tetrachlorinated dioxin content.
Another Monsanto document introduced as evidence in the above
shows cross-contamination of a range of Monsanto products with
tetrachlorinated dioxins by the following mechanism: The same
equipment is used without cleaning for all chlorinated phenolic
In 1984, when promulgating the dioxin regulations under RCRA, EPA
made aware of the cross contamination problem in the event that
made on equipment previously used to make 2,4,5-T. Thus, EPA
subverted from promulgating adequate regulations for products
2,4-D that were cross-contaminated with dioxins.
Members of the Canadian Parliament recently directed
the Royal Canadian Mounted Police and government scientist into
contamination of disinfectants such as Lysol containing Monsanto's
Santophen (ortho-dichloro-para-phenol), and directed laboratory
existing stocks. This disinfectant uses the ortho-dichlorophenol,
above, as a feedstock, which would introduce any dioxins present
disinfectant. In a 1984 letter to the Canadian government, Monsanto
asserted that their disinfectant contained no dioxin. This was later
refuted by testimony by Monsanto's chemist.
FRAUDULENT DIOXIN HEALTH STUDIES
As you indicated today, demonstrating criminal fraud in the
epidemiological studies performed by Monsanto on its
would necessitate bringing in appropriate groups in EPA capable of
performing scientific study audits.(3) You indicated, however,
did not believe this would be a barrier to the investigation. The
are a few key instances where obvious fraud was utilized in the
Dr. Raymond Suskind at the University of Cincinnati was hired by
to study the workers at Monsanto's Nitro, West Virginia plant.
stated in published studies in question that chloracne, a skin
was the prime indicator of high human dioxin exposures, and no
effects would be observed in the absence of this condition.
studies by Suskind, however, indicate the fallacy of this
workers except those having chloracne were ever examined by
included in his study. In other words, if no workers without
ever examined for other health effects, there is no basis for
that chloracne was "the hallmark of dioxin intoxication."(4) These
conclusions have been repeatedly utilized by EPA, the Veterans
Administration, etc., to deny any causation by dioxin of health
exposed citizens, if these persons did not exhibit chloracne.
The results of Dr. Suskind's studies also were diluted by the
the exposed group contained not only individuals having chloracne (a
genuine, but not the only effect of dioxin exposure), but also
having any type of skin condition such as chemical rash. The
have had no or negligible dioxin exposures, but they were
included in the
study as part of the heavily exposed group. This fact was
revealed only by
the careful reading of the published Suskind study.(5) Further,
utilized statistics on the skin conditions of workers compiled by a
Monsanto clerical worker, without any independent verification.(6)
Dr. Suskind also covered-up the documented neurological damage from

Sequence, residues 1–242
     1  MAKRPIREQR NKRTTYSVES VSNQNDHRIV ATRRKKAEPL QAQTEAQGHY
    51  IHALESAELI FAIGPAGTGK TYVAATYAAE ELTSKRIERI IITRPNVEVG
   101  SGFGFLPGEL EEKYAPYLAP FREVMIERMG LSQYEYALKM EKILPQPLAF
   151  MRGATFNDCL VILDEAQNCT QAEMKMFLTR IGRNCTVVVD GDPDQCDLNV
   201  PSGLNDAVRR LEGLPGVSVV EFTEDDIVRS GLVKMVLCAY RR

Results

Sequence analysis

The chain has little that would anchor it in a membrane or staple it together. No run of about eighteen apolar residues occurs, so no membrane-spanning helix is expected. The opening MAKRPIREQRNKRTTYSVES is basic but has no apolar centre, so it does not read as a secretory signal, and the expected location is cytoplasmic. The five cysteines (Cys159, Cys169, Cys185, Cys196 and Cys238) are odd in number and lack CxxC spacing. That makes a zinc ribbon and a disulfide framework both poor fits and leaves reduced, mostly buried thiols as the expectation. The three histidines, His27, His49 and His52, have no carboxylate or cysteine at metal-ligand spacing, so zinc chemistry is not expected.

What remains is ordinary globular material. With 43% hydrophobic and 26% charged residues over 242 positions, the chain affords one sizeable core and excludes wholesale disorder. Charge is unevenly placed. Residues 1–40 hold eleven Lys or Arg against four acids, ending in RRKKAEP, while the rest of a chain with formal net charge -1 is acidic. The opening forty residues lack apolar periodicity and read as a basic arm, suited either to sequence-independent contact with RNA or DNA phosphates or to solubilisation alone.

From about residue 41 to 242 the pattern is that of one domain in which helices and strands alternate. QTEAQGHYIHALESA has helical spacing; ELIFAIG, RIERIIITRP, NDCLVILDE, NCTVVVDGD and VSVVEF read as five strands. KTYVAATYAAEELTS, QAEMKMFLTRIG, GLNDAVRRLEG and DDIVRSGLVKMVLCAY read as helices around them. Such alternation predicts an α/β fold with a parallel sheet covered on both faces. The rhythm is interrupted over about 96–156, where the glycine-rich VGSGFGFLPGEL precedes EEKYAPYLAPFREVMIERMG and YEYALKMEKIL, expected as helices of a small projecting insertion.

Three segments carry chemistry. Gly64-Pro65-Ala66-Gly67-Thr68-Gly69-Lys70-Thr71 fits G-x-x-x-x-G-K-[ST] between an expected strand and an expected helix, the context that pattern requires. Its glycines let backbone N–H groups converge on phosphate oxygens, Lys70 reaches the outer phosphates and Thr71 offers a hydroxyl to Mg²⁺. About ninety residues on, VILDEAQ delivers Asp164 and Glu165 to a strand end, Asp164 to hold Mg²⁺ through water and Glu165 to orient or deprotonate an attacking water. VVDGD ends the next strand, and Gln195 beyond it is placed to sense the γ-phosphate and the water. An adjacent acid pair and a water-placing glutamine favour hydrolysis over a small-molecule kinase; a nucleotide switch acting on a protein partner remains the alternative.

dioxin exposures. At Workers Compensation hearings, Suskind
denied that the
workers experienced any neurological health effects. In the
Kemner, et al.
v. Monsanto proceedings, however, it was revealed that Suskind
had in his
possession at the time examinations of the workers by Monsanto's
Dr. Nestman, documenting neurological health effects. In his later
published study, Dr. Suskind denied the continuing documented
health effects suffered by the workers, falsely stating that
All of the Monsanto dioxin studies also suffer another fatal
purported "dioxin unexposed" control group was selected from
at the same Monsanto plant. An earlier court settlement revealed
that these supposedly unexposed workers were exposed to dioxins,
to other carcinogens. One of these carcinogens, para-amino
known by Monsanto to be a human carcinogen and it was also known that
workers were heavily exposed.
Another Monsanto study involved independent medical examinations of
surviving employees by Monsanto physicians. Several hundred
employees were too ill to travel to participate in the study.
refused to use the attending physicians reports of the illness as
their study, saying that it would introduce inconsistencies.
critically ill dioxin-exposed workers with cancers such as
lymphoma (associated with dioxin exposures), were conveniently
from the Monsanto study.
There are numerous other flaws in the Monsanto health studies.
these misrepresentations and falsifications always served to
conclusions of adverse health effects from dioxins. A careful
these studies by EPA's epidemiological scientists should be
part of your investigation.
The false conclusions contained in the Monsanto studies have recently
been refuted by the findings of a recent study by the National
Occupation Safety and Health (NIOSH). This NIOSH study, recently
by Dr. Marilyn Fingerhut for review, found a statistically
increase in cancers at all sites in the Monsanto workers, when dioxin
exposed workers at Monsanto and other industrial locations were
an aggregate group.(7)
Please do not hesitate to contact me regarding documents to
investigation, which include testimony and evidentiary documents
on-going Kemner v Monsanto litigation, earlier litigation in West
brought by the Monsanto workers, ongoing investigations by the
government internal Monsanto documents, as well as documentation
submission of the fraudulent data and studies by Monsanto to
rulemaking process under RCRA and other EPA authorities.
Alan Watson C.Eng _\\|//_
Oakleigh (' O^O ')